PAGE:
To listen to audibooks in your car, you have to have Bluetooth installed in your car, and set the bluetooth to “on” on your phone. Then, you should be able to play your audiobooks through your car speakers just fine.

We love audiobooks and eBooks through both of our wonderful programs, but you do need to think about what you want your device to do before purchasing something to make sure you get the most out of it!

And ALL of your downloads from Libby and Hoopla count toward our circulation, so just because you might not be coming to the library as often for physical books doesn’t mean you aren’t moving our circulation along. Keep reading and keep listening! We love our patrons!

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Audiobooks & Romance

If you love audiobooks, chances are you’ve thought about trying Audible, which now has a Canadian counterpart to help ease the pricing differences. But as with a lot of audio choices, romance has been a bit on the back burner.

Audible Romance allows readers to have access to over ten thousand romance audiobooks, either through their subscriptions with a simple add on price of $6.95 a month, or as a stand-alone service for $14.95 US/month. This is a great deal if you love audiobooks, and especially, romance.

While services such as HOOPLA and LIBBY are provided through libraries, Audible is a different type of structure, allowing users one book per month with their subscription, and deals on purchasing other titles. The best part is that users get to keep their books, and they’re all optimized to use in the Audible app.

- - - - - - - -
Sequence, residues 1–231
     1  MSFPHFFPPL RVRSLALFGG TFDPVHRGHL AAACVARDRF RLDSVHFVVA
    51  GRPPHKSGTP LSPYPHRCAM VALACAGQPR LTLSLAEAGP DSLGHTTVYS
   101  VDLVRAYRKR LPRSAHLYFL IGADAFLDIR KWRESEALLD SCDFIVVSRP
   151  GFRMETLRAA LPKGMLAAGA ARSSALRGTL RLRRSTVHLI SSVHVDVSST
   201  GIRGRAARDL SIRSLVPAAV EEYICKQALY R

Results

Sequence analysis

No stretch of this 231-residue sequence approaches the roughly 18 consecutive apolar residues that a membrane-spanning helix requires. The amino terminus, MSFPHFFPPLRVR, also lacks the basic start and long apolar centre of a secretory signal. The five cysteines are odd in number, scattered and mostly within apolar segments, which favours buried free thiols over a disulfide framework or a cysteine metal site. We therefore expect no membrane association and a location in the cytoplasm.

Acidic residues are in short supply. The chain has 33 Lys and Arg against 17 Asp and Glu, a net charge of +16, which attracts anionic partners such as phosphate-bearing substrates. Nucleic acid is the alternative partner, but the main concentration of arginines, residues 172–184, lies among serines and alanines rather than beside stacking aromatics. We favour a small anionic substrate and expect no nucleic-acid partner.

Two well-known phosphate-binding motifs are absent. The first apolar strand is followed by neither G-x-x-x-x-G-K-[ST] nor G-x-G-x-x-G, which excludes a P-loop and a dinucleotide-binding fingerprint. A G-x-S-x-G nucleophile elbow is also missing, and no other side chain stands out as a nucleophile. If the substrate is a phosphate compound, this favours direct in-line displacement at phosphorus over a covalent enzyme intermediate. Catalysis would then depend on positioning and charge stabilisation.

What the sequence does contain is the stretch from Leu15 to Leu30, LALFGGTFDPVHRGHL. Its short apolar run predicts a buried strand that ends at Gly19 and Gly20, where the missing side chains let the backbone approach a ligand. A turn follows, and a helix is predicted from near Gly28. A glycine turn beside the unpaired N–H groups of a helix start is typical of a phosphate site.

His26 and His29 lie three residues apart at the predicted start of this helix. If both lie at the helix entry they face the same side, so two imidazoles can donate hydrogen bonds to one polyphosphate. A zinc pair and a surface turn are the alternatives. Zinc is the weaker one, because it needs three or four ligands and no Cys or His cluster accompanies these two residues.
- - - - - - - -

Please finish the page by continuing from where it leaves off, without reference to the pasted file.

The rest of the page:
Even better? The new Audible Romance category offers a “Take Me to the Good Part” feature, which allows listeners to fast forward to some of the most memorable parts of the book without having to wade through “boring” story. Interesting.

Do you love audiobooks? How do you listen?

Not enough books in the world?

This is an interesting concept, but I wonder if it’s necessary. Audible, a subscription audiobook service, has been making such a profit, it just announced that it is going to commission playwrites to write new works for it’s listeners. The $5 million dollar fund will be used worldwide to have playwrites develop one and two-person works that showcase powerful performances of the written word. If you’ve ever listened to a great audiobook—or one that was performed poorly—you’ll know that this could be really exciting for listeners. However, it makes me wonder if Audible thinks there just aren’t enough good books being written now that they have to go outside of the literary world for new material.But, on the other hand, this is fantastic news for those creative playwrites doing amazing one-person work. It’s a great chance to get their work out there, and hopefully develop new ties to arts communities. It might also get their work out there to people who wouldn’t normally go to plays. You can read the whole article about the fund here.

Fun idea, or not necessary? What do you think?